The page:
National Book Festival Recap
The National Book Festival was a bit different this year since it moved from the Mall to a nearby convention center. Some liked it because it took weather out of the equation but, for me, the Book Festival was meant to be on the Mall. Sitting in the tents listening to fabulous authors and seeing the monuments around us made it magical. It also sent a clear message that this nation believes in books and reading. In the convention center, not so much! 🙂
As always, there was a smorgasbord of authors to choose from on the program. I started out with Kate DiCamillo, the current National Ambassador for Young People’s Literature, and she was terrific. Because of Winn-Dixie will always be a favorite of mine. Rather than doing a canned speech she interacted with the audience – especially children – and the audience ate it up. She is a hoot in person and she calls it as she sees it. I thought she was terrific.
Next was one of my favorite picture book author/illustrators, Peter Brown. He won a Caldecott Honor for Creepy Carrots, if you recall. I love his The Curious Garden and Mr. Tiger Goes Wild. He has a new book out called My Teacher is a Monster which focuses on one boy’s perception of his teacher. But he does fly paper airplanes in class so maybe his perception is a bit off? 🙂 Peter did a great presentation and he had the full attention of the children there.
A treat was to follow with the always inspiring Bryan Collier. If you haven’t read his first book, Uptown, in a while you need to go back and revisit it. It really is a masterful picture book. I love hearing him read it aloud. He also read aloud Knock Knock, his book with Daniel Beaty which deals with the loss a son feels when his father exits his life. It’s incredible and Bryan’s art brings it to a whole other level.
Jack Gantos was back again and again he had everyone laughing in the aisles. Jack won the Newbery for Dead End in Norvelt and, if you’ve read that, you’ll know that he knows humor. He has just published the final Joey Pigza book called The Key That Swallowed Joey Pigza. I love the Joey Pigza books (“Can I get back to you on that?” is one of the great quotes from book #1) and am really looking forward to reading this last installment. He also has done the audio versions of his books and they are fantastic. Treat yourself!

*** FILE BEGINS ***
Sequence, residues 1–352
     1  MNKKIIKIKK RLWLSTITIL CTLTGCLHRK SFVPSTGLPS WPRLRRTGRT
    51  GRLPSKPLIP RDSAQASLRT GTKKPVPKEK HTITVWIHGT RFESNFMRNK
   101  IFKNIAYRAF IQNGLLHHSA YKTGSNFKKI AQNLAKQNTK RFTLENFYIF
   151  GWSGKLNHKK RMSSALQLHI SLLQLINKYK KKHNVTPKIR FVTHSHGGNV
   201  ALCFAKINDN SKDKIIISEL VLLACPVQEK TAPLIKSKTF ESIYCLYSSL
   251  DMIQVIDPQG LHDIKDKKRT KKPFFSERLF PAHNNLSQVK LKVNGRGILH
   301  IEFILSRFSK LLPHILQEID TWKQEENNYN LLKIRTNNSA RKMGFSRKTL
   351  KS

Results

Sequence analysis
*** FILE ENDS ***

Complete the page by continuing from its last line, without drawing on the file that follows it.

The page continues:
One of our best writers for children, middle grades, and young adults is Jacqueline Woodson. She has won the Coretta Scott King, the Newbery, and just about every other award she has been eligible for. She is a treasure in the world of children’s books. I absolutely love her work. This year she has published a memoir, written in verse, that is outstanding. It follows her life from Ohio to North Caroline, and finally Brooklyn, New York and all the nuances of the times she grew up in. It’s wonderful. She read aloud some of the poems and it was such a treat to hear the poems in her own voice.
Lastly I went to see Susan Stockdale whose latest book, Stripes of All Types, captivates young children. I love her books. Her illustrations are so bold and the language describing these stripes in nature is lyrical. I was so captivated by her talk (author visit anyone?) that I forgot to take a photo. I emailed Susan and got this one that a friend of hers took. Take a look at her books – they will be ideal for classrooms Pre-K to 2nd (at least).
All in all a great day. Be looking for an announcement here when the Book Festival rolls around again. It is free and it is fantastic. Oh, and I should mention that books are sold and the authors are available for signing. What a great day out for families and what a great souvenir to remember the day – a signed book!